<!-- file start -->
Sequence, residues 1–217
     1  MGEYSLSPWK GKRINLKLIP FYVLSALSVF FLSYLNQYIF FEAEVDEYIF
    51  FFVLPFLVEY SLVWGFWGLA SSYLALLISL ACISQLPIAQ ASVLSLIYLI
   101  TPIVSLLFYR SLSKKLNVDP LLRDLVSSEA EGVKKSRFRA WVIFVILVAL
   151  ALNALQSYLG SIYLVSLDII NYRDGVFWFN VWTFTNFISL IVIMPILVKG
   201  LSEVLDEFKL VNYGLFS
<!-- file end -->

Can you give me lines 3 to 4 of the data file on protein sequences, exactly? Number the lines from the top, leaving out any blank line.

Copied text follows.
    51  FFVLPFLVEY SLVWGFWGLA SSYLALLISL ACISQLPIAQ ASVLSLIYLI
   101  TPIVSLLFYR SLSKKLNVDP LLRDLVSSEA EGVKKSRFRA WVIFVILVAL